Gabriela: That has synthetically THC. If that is a side effect with it, it will flag in the medical record already. So that’s a great idea to find and see… To play with certain medications and see maybe as an example, just to check if it’s going to have a side effect with something. That’s an idea that I’m putting on right now with my group. So we check that there is no side effects. Let’s do a good assessment. And now the patient you give the recommendation, okay. Now let the patient meet with me. I’m going to go over how to apply for the card. What do we know about your experience with cannabis? Let’s do a through assessment with the patient, and that’s what we want to do.

Dr. Vaughn: I got you.

Gabriela: And how is the patient going to utilize cannabis medicines as well? There is two months or three months of wait once you apply for your medical card in Virginia.

Dr. Vaughn: So Gaby, so again, it sounds like, a patient will walk in and meet with a palliative team, the physician or nurse practitioner, and then they’re going, “Okay. This patient would probably benefit from medical cannabis.” And then during that visit, do they, do they meet you in kind of a separate visit or is it another day? But it sounds like you have your own visit with them. They go through the process, which is as a physician, it’s still new understanding the process of how patients get the cannabis, get the certificate and all the sort of logistics that are involved.

Gabriela: So what it’s happening right now, it’s the patients actually, they’re saying… Many of them doesn’t even know that the palliative care doctor is actually providing the certifications. And some patients actually doesn’t even tell the doctors and how patients have talked to me is because I treat patients, I’m an infusion nurse, so, “Hey, Gaby, what are you doing? What do you do this weekend?” I’m like, “Oh, I’m studying to be a medical cannabis nurse.” And they’re like, huh? So everybody’s like, “Oh, okay. Tell me more about that. So other patients are hearing and they are coming out of the closet. “Oh, I use it. Oh, I have this CBD. Oh, can I bring this? Do you know what is this for?”

Gabriela: So I started talking to the doctors as well and saying, “FYI, this is happening. And do you allow for me to talk about this or educate the patients or for them to bring me a picture of what they’re taking or what they’re using, so it’s safe for me to check if that is a legitimate product?” These patients can be neutropenic. These patients can have gastrointestinal problems. So let me check if this is a legitimate product. So that’s what I’m helping them right now to give me the, okay. But it’s not something that I’m going to meet with them right now. That’s what we’re planning. This is something that is up in the air.

Dr. Vaughn: You’re still kind of working on your own sort of algorithm here for this. I got you.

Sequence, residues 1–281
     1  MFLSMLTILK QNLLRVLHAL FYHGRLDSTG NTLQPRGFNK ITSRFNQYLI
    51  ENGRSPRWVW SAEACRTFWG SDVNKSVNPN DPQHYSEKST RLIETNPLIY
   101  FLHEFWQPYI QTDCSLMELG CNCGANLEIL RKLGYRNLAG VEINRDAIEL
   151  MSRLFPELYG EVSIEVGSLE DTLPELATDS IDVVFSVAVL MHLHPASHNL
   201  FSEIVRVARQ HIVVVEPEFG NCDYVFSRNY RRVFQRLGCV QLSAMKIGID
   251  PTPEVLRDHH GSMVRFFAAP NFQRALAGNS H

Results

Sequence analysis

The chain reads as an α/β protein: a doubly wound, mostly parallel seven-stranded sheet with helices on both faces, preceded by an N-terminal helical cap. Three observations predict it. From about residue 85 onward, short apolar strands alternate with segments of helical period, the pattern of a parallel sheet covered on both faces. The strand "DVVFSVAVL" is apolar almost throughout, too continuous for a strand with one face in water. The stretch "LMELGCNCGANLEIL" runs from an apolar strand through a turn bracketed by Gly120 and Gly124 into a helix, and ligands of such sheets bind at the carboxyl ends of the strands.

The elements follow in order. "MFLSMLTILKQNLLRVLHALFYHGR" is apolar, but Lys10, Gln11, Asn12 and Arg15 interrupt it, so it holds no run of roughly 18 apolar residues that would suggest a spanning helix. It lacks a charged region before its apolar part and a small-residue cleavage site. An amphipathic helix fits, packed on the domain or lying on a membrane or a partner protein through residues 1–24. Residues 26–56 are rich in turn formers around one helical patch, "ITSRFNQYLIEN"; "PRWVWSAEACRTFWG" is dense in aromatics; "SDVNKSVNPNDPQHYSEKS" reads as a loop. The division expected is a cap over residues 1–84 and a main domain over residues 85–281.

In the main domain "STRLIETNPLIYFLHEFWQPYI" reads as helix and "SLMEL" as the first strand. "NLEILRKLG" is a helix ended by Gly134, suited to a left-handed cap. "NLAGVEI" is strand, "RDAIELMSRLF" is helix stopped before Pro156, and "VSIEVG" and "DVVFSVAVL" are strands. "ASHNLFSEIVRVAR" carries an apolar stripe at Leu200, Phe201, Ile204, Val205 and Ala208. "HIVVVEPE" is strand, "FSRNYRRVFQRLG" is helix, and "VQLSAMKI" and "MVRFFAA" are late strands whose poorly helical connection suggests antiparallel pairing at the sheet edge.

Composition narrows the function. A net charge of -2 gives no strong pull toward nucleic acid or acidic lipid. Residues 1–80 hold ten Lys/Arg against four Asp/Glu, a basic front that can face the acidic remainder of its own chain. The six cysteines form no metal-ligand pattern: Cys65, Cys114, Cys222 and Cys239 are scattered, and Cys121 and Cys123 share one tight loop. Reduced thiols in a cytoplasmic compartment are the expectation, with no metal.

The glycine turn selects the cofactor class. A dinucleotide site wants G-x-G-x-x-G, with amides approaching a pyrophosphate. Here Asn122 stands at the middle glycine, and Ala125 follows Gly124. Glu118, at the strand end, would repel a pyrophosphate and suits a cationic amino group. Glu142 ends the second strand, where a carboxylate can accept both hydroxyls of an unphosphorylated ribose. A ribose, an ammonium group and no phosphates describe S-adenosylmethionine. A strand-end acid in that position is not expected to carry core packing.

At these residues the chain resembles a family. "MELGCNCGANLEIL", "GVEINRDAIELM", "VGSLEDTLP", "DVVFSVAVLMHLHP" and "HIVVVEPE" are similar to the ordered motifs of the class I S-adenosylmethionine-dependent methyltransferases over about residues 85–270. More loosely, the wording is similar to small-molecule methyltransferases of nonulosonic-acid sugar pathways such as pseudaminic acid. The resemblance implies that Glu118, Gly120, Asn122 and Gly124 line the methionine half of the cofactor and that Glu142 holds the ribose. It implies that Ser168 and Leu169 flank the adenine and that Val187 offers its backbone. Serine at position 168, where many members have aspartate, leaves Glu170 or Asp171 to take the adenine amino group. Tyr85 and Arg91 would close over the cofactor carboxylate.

Gabriela: Oh, yes.

Dr. Vaughn: Okay.

Gabriela: Yes. Yes. This is-

Dr. Vaughn: But it sounds great, almost like a nursing consultation, just to sit down for 30 minutes, and really spend some time to educate, review the, again, logistics of getting a card. And this is what I even need help with understanding kind of, and maybe you can kind of go into this a little bit, but how do you dose cannabis? Morning, night, evening? Do you ever utilize THC with it? These kind of questions as a physician, I don’t have the answers to, so it’s great to have an expert kind of run that.

Gabriela: Yeah, thank you. Definitely. So for example, I have a patient that she is on oxycodone. She is taking blood pressure medication, thyroid medication, omeprazole, something for hypertension. So it’s a polypharmacy event, right? She comes and she says, “I have pain and I will… My granddaughter, just gave me this CBD.” And I’m like, “Okay, let me check.” And is a 3,000 milligrams of CBD that has different cannabinoids. It has CVG, CBD, like I said, and THC Delta 8. So it’s different types of cannabinoids, and it has different milligrams. When you have more CBD, CBG in there, it actually helps not to feel the effects of the THC. If you have more of CBD and CVG in there. So those cannabinoids does not make you high and THC, actually, it helps you to make everything work better. It’s every cannabinoid has a effect, has a magic effect. So how to dose it depends on the product. So if a product, the whole bottle is 3,000 milligrams and a full dropper is 50 of CBD, 54 of CVG and five milligrams of Delta 8, for example, that’s a great combination because the patient will not get high.

Dr. Vaughn: Okay. And you’re saying these products are different in the, like you said, I guess the concentration, the Delta THC could be higher in some products?

Gabriela: Correct. So it’s about knowing what hypo cannabinoid is in that product. How many milligrams is the total and how are we going to dose it? Now, this patient is taking different medications, mostly Levothyroxine, correct? So I’m going to tell the patient, “This is what you take first, then you’re going to take, you wait an hour.” And then I even annotate them in the list of medications when they’re going to take, when it’s okay to take their tinctures, their gummies, would you like to vape it? I’m not sure. Depends on the patient. What is their preference? But those are the little things that is the education about.

Dr. Vaughn: Most of the time, is it frequency? Is it twice a day just based on the symptoms, I guess control?

Gabriela: Correct.

Dr. Vaughn: Okay.